A study by Analysis Group has found that Apple’s App Store ecosystem grew by a whopping 29pc in 2022.
Apple has announced that its app ecosystem generated $1.1trn in total billings and sales last year, more than 90pc of which was commission free and went directly into developers’ pockets.
Published yesterday (31 May), the study, conducted by Analysis Group and supported by Apple, looked at what it calls the “continued growth and resilience” of the company’s App Store ecosystem and noted some key statistics.
It found that the app ecosystem grew by 29pc in 2022, up from $868bn in 2021 and $643bn the year before. Of the $1.1trn in billings and sales last year, $910bn was from the sale of physical goods and services, $109bn from in-app advertising and $104bn from digital goods and services.
“More than 90pc of this figure originated from transactions that did not happen through the App Store, meaning that these amounts accrued solely to developers and other third parties and that Apple collected no commission on them,” the report noted. “The share of billings and sales that accrue solely to developers has continued to increase year-to-year.”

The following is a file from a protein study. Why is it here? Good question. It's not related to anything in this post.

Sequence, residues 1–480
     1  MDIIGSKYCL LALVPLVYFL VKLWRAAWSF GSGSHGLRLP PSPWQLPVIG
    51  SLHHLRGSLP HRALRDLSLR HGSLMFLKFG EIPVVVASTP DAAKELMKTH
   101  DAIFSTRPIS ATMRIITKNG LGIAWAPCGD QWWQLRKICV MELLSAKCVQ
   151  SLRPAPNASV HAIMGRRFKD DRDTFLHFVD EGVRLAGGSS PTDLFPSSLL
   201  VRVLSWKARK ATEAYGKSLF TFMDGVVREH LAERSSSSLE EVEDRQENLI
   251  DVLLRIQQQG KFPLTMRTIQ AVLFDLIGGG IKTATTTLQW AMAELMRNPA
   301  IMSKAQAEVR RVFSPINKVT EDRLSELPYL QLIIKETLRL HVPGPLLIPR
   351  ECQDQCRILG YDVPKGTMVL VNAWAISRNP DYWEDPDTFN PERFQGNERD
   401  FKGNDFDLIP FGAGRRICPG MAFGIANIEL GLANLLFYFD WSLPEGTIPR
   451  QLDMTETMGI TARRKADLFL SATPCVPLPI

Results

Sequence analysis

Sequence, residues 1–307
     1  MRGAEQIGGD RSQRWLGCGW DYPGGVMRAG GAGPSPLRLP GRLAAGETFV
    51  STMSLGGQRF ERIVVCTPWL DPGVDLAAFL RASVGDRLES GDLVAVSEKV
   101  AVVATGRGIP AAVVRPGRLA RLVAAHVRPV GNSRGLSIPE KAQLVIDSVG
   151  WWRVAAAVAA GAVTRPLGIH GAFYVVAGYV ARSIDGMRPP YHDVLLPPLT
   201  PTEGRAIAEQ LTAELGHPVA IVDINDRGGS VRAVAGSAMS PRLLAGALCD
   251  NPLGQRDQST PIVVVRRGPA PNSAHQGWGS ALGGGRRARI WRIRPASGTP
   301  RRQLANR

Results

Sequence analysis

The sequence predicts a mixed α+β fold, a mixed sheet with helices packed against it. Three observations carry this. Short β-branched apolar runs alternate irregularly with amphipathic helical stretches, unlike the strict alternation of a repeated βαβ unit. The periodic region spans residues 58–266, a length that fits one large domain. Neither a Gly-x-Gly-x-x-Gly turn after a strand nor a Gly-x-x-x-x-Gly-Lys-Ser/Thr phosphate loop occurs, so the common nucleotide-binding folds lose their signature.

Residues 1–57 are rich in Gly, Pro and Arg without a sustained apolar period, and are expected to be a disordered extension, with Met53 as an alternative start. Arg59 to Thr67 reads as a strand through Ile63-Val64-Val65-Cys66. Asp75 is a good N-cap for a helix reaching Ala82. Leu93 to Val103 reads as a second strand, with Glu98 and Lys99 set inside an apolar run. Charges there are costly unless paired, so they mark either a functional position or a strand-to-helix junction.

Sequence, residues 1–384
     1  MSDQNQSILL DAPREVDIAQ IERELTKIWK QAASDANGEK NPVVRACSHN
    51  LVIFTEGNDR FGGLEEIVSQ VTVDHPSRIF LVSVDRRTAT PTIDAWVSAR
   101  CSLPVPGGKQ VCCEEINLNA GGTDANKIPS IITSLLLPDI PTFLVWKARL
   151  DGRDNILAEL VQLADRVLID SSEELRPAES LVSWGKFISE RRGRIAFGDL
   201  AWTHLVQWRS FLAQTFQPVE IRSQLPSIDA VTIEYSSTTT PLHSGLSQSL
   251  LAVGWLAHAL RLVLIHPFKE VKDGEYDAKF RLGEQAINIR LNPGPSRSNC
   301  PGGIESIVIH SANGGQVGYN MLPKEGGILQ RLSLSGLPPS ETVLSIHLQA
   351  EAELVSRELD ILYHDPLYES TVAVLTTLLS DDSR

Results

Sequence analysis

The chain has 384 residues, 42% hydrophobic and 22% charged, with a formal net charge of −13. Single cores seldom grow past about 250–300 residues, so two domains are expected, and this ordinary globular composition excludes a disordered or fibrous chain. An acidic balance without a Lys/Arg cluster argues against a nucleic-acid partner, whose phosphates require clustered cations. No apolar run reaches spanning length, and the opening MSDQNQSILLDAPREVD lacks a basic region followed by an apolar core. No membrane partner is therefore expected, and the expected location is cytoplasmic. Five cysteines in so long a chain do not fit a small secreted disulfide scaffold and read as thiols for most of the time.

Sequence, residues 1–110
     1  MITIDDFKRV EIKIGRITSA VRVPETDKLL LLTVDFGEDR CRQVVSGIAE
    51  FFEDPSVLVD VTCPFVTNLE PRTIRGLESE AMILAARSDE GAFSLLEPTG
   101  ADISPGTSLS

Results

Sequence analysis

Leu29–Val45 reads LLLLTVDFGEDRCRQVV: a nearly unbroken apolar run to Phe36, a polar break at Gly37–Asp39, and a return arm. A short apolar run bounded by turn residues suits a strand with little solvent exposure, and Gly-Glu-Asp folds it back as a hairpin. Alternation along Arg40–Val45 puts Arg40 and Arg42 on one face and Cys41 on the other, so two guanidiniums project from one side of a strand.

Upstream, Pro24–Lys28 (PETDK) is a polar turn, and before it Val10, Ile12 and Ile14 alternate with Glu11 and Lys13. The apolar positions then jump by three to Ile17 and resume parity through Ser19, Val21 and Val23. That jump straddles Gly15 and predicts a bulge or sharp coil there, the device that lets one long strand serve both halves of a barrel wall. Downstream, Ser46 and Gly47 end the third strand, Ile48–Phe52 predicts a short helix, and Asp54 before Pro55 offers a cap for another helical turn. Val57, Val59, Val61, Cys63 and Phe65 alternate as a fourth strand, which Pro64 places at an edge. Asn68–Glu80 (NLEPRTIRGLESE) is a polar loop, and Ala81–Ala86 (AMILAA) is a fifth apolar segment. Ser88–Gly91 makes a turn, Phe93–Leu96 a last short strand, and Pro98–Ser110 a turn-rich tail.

According to the study, Apple – often criticised for its high commission fees on the App Store – only collects a commission on app purchases, in-app purchases and in-app subscriptions that go through the App Store.
No commission is collected on purchases of digital goods and services that happen outside of apps, such as subscribing to a newspaper through a web browser, or on purchases of physical goods and services through apps such as ride hailing and groceries, or on in-app ad revenue.
“We’ve never been more hopeful about — or more inspired by — the incredible community of developers around the world,” said Tim Cook, CEO of Apple. “As this report shows, the App Store is a vibrant, innovative marketplace where opportunity thrives, and we’re as committed as ever to investing in developers’ success and the app economy’s future.”
The EU accused Apple of anti-competitive behaviour two years ago because of high commission fees in the App Store. It found Apple to be in a “dominant position” with its practices and said the fees charged by the company are unfair because its own apps are available in the store too.
More recently in December, Bloomberg reported that Apple is preparing to let alternative app stores on iPhones and iPads in order to comply with the EU’s Digital Markets Act, which aims to boost competition and is set to come into force in 2024.
Apple has been critical of the DMA in the past. In 2021, CEO Tim Cook said allowing alternate methods of putting apps onto iPhones would “destroy the security of the iPhone” and would not be in the “best interest of the user”.
10 things you need to know direct to your inbox every weekday. Sign up for the Daily Brief, Silicon Republic’s digest of essential sci-tech news.